The skyrocketing popularity of streaming platforms has lifted artists from Nigeria and others from English-speaking Africa to unprecedented popularity around the world.
Musicians from French-speaking countries on the continent are now looking to take advantage of the boom.
The leader in streaming in Africa is Boomplay, whose library of 80 million tracks is almost on par with those of Deezer and Spotify.
But Boomplay’s big difference with the global giants is a catalog that focuses intensely on African music rather than a wider range of genres.
The application was created in Nigeria in 2015 and is now present in six African countries, said Paola Audrey, head of the Ivorian subsidiary of Boomplay.
“We offer a very large library that helps you discover many local artists,” she said.
Ad-supported and free to the user, Boomplay has paved the way for Nigerian Afro-pop internationally and now hopes to do the same for French-speaking African stars.
“At the moment, it’s much easier to highlight Nigerian artists in the Francophonie, but we are experimenting in the opposite direction, like the Ivorian rapper Didi B”, explains Audrey.
“There are small niche markets, and our role is to promote artists so that they find a larger scale audience.”
For industry experts who gathered last week in Abidjan at the African Music Industry Show, the digital revolution promises scintillating opportunities for West African artists.
African music streaming revenues are expected to more than triple in five years, from $92.9 million in 2021 to $314.6 million in 2026, according to research firm Dataxis.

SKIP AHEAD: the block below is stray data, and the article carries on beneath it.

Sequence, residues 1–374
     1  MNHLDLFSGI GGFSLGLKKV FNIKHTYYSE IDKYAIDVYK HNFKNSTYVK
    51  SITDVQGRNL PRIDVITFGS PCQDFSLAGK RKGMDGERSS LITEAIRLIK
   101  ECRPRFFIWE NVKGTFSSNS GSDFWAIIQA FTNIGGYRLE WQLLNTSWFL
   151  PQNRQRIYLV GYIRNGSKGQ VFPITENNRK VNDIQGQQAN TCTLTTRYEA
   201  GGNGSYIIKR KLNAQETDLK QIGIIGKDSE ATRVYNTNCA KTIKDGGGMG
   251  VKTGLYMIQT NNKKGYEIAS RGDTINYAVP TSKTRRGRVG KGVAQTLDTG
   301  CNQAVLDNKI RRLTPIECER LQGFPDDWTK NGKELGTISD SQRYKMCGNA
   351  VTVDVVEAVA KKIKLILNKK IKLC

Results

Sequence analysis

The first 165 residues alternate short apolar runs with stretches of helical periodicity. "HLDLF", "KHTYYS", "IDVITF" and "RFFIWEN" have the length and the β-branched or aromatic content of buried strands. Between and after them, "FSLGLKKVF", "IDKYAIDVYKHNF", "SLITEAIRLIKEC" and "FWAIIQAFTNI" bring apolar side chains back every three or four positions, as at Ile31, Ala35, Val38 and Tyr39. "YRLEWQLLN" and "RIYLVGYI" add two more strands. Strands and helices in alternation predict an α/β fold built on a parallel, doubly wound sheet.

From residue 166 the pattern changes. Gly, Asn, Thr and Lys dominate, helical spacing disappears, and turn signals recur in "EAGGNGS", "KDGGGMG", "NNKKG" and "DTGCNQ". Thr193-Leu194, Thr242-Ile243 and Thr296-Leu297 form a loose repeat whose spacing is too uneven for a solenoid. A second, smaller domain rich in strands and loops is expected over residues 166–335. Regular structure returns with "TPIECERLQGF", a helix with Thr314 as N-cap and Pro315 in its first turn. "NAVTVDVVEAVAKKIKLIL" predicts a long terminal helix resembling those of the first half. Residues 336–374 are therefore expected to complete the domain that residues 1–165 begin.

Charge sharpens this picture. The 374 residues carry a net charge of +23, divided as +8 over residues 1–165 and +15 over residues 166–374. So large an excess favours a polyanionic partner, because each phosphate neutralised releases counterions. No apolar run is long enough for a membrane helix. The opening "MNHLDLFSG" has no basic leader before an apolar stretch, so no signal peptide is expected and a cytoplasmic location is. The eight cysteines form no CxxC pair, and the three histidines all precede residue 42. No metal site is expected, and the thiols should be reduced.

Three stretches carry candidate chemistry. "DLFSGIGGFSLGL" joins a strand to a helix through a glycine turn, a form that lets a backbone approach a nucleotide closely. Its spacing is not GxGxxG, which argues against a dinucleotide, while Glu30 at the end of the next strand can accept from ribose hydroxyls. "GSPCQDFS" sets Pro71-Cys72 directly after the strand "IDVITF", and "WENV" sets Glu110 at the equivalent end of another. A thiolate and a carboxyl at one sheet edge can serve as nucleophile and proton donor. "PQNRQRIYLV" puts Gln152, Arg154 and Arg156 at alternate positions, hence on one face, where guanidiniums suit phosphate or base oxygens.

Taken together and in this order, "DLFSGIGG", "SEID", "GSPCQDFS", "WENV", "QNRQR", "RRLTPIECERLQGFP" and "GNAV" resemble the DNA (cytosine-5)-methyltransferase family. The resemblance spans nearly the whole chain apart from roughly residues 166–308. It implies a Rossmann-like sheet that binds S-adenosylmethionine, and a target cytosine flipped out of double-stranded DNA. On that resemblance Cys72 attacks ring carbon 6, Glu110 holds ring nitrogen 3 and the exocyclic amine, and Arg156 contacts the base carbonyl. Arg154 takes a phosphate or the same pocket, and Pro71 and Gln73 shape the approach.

– Digital dawn –
“It all started with digital platforms,” said Akotchaye Okio, in charge of international development for Africa at Sacem, an artists’ rights group.
“Look at the success of the South African song ‘Jerusalema’ or ‘Calm Down’ by Rema”, a Nigerian singer whose hit has accumulated 50 million streams in France alone, he said.
Magali Palmira Wora, specialist in French-speaking Africa at the American distributor The Orchard, however, pointed to a learning curve.
“Artists from Francophone Africa need to learn how to put themselves forward on platforms,” she said.
“Spotify, for example, has an Afro-pop playlist — you need to explain to artists why it’s important to be on it.”
Good platform exposure breaks down barriers to bigger markets and paves the way for a career far more international than it would have been before.
“Wherever you are, you can listen to my songs with the click of a button. With digital, access to information is much more extensive. It allows local music industries to develop and as artists, it gives us visibility,” said Ivorian rapper Suspect 95.
“We no longer need to go through networks that made it difficult to send my CD to such and such a country.”
– Copyright issue –
Five countries – South Africa, Egypt, Nigeria, Algeria and Morocco – now account for 86% of African streaming revenue, according to Dataxis.
But the 400 million potential listeners in French-speaking sub-Saharan Africa, two-thirds of whom are under the age of 25, constitute a promising untapped market.
Ensuring that emerging independent artists can make money on mainstream platforms will be a major challenge.
“Obviously if you’re signed up with a big (music company) it’s easier – you’re using an established network” to get royalty payments, said Suspect 95, who is signed at Universal.
“For independent artists, it’s more difficult, for now.”
“The major platforms that massively use our songs are not yet paying the rights they should in Côte d’Ivoire,” said Karim Ouattara, director general of the Ivorian Copyright Office.
“But we are in negotiations and we should see progress by the end of the year.”